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These 2022 Primetime Emmy Snubs Are Part Of A Frustrating Pattern

It seems like television and movie fans are becoming less and less interested in award shows with each one that passes. According to CNBC, the 2021 viewership numbers for the Academy Awards, Grammys, and Emmys were at some of the lowest in their histories. Traditionally, the Emmys bring in the lowest number of viewers out of the three major award shows, which is not that surprising.

The Emmys don't have the glamour that comes with the Oscars or the concert-like nature of the Grammys, which are much more lighthearted and fun. The Emmys are drab, bland, and over. While there are snubs at every award ceremony, the Emmys seem to have the most of them in terms of nominations and wins. Why is this? Unfortunately, it's for many reasons, including the overabundance of television content and the flawed voting system. The biggest snubs at the 2022 awards prove this on both counts. We're talking about "Better Call Saul" and the poor schlubs of basic cable.

Only industry members can vote on Emmy winners, creating a flawed system

Snubs are going to happen; it's just a fact. Everyone's favorite actor or actress can't win in their respective category, and there are no second and third-place trophies here. But sometimes, the outcry around snubs is understandably justified. Perhaps the biggest snub of the 2022 Emmy was Rhea Seehorn and her loss in the outstanding supporting actress in a drama series category. That honor went to Julia Garner for "Ozark" — who has already won in that category, and repeat wins are a popular trend at the Emmy's you'll see.

There was a massive outcry on social media after Seehorn lost, with "Better Call Saul" now 46 Emmy nominations deep with no wins. How the "Breaking Bad" spin-off can go this long without a win is baffling. Seehorn arguably gave the best performance out of the category's nominees, so why she lost is up to interpretation. The actress will more than likely be nominated again next year as "Better Call Saul" will still qualify, but Garner's "Ozark" is done. It seems like she might have been given the nod as her character is retired, and Seehorn was passed on in 2022 because she can earn it next year.

Emmy awards are chosen by those in the Television Academy, made up of 17,000 voting members, all of who hail from the industry. Those members are then broken into 30 peer groups, which vote on categories and nominees within said group. You have to wonder if favorites are played behind closed doors, especially regarding studios and streaming platforms. "Better Call Saul" is likely to have fewer members in the Academy because AMC is a substantially smaller cable network than, say, Netflix or HBO, which have many more members. Every vote certainly counts.

Cable stars don't stand a chance at the Emmy's like they used to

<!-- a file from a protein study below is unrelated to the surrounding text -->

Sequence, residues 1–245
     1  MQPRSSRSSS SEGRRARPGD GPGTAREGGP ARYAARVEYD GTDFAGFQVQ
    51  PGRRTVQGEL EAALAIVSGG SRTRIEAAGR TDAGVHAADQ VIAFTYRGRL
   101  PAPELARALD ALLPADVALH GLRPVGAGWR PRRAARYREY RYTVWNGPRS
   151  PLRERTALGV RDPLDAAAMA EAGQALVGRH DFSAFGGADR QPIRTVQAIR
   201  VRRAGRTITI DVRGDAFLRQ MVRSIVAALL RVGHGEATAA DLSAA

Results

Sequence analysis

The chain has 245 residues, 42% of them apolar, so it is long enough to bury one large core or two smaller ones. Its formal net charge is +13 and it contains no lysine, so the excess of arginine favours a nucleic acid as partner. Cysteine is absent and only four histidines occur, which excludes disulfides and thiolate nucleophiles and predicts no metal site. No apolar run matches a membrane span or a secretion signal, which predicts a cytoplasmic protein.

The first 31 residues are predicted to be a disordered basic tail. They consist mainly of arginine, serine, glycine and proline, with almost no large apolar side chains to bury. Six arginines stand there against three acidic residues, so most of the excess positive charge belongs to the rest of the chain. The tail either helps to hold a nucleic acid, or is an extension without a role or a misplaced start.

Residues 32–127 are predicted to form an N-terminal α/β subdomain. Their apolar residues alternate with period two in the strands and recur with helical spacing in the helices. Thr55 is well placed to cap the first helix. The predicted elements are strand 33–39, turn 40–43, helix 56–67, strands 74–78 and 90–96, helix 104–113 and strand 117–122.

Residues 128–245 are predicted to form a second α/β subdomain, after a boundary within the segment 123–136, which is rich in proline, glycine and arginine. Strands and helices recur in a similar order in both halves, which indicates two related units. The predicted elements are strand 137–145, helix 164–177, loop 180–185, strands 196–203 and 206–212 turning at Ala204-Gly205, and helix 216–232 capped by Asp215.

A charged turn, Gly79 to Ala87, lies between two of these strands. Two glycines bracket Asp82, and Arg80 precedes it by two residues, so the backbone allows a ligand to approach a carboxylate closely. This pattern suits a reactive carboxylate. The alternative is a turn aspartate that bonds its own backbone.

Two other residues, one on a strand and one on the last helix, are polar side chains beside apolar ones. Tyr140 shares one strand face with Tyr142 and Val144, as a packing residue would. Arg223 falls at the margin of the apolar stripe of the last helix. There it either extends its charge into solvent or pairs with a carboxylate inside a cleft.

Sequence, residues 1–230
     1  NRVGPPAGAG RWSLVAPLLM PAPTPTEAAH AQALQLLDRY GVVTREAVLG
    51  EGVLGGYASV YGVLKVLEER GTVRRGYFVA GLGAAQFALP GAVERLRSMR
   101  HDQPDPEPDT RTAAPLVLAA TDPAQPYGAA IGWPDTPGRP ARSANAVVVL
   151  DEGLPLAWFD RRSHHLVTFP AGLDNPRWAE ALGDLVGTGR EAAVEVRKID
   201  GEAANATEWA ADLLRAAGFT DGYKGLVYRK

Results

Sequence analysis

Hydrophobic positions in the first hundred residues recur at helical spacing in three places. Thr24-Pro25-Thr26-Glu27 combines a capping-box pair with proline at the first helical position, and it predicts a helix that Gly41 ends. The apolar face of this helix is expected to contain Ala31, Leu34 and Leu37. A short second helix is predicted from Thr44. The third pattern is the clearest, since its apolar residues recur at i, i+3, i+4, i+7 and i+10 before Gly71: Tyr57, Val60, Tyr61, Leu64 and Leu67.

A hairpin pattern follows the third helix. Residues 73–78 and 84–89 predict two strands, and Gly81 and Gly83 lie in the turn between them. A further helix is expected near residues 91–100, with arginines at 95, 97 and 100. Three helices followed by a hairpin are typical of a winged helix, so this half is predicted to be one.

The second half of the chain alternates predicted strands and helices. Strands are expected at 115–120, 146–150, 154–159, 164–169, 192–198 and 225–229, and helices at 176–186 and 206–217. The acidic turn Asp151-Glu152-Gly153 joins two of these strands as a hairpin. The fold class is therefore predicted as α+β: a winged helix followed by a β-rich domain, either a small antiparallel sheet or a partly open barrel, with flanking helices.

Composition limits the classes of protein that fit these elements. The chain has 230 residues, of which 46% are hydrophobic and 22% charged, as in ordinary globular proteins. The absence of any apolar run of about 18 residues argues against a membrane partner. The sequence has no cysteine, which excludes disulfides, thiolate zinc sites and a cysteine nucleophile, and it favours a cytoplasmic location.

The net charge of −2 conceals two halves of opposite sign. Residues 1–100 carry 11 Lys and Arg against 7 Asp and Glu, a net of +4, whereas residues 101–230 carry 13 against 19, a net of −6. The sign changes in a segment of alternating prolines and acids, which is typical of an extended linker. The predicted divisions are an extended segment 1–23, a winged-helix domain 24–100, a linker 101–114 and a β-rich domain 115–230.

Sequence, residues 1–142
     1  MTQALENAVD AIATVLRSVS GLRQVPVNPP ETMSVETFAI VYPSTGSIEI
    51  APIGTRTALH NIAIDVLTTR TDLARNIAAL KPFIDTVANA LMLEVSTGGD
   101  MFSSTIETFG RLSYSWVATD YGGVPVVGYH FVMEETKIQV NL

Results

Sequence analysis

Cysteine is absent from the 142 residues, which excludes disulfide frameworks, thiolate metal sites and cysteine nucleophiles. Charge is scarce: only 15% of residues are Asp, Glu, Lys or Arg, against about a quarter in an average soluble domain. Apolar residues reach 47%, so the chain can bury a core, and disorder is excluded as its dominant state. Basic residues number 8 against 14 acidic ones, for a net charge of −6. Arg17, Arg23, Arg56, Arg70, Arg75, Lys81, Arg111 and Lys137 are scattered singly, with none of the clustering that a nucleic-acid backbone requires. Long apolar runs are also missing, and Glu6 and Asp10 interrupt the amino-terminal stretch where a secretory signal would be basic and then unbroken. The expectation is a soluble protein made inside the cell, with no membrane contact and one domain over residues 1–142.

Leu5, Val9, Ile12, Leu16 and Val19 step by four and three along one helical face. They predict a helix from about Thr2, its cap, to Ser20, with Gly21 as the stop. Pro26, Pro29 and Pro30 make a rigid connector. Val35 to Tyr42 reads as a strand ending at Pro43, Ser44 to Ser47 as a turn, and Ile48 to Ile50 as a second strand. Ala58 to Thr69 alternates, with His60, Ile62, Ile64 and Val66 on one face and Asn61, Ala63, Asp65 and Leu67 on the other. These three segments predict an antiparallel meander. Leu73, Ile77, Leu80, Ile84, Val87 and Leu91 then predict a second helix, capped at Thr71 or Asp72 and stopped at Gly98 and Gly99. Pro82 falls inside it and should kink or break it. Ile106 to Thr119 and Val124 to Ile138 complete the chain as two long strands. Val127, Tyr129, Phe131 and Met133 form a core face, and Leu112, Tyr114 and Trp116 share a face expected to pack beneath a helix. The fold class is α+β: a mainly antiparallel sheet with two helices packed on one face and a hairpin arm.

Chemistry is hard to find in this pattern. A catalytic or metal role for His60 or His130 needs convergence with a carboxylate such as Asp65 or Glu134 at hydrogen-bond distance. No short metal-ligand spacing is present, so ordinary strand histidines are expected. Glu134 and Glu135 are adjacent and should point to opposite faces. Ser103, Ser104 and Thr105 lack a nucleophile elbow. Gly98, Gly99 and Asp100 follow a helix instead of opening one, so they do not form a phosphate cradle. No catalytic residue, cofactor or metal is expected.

Why we even have the Emmys anymore is rather shocking. It made sense decades ago and thrived in the 80s and 90s, but does the award show have a place in the current media landscape? The landscape where a new series is shoved down our throats every single day? No, it doesn't. Another major snub that had social media buzzing last night was that of "This is Us" star Mandy Moore for her omission in the outstanding actress in a drama series category. The NBC star wasn't even nominated but was included in a montage which angered fans even more.

Cable network stars barely have a chance anymore at the Emmys as streaming services and premium channels dominate every category. It's no surprise Moore was left off, as that particular category had nominees from BBC America, HBO, Showtime, Apple TV+, and Netflix.

Think of Mariska Hargitay, who hilariously shaded Christopher Meloni at the 2022 ceremony, noting she has two Emmys while he has none. Hargitay won her last Emmy in 2006 for playing Olivia Benson on "Law & Order: Special Victims Unit." She was nominated for the same role in the outstanding lead actress in a drama series category from 2004-2011. She still plays that very same character today, but there has not been a mention of a potential nomination for her in the last decade. These network stars just don't stand a chance. The little guys like Moore, Rhea Seehorn, Bob Odenkirk, and FX series "What We Do in the Shadows" will be overshadowed every year until someone decides to throw them a bone simply because "it's time." Should Leonardo DiCaprio have won best actor for "The Revenant?" Absolutely not, it was just time, and we highly suspect 2023 is going to be "Better Call Saul's" time.

With hundreds of television series available to us at all times, how could one person possibly be selected as the best of the best? There's no fair way to come to these results anymore, and the event either needs to be changed or scrapped. Or at least not aired to viewers whose opinions on winners matter ZERO at events like these.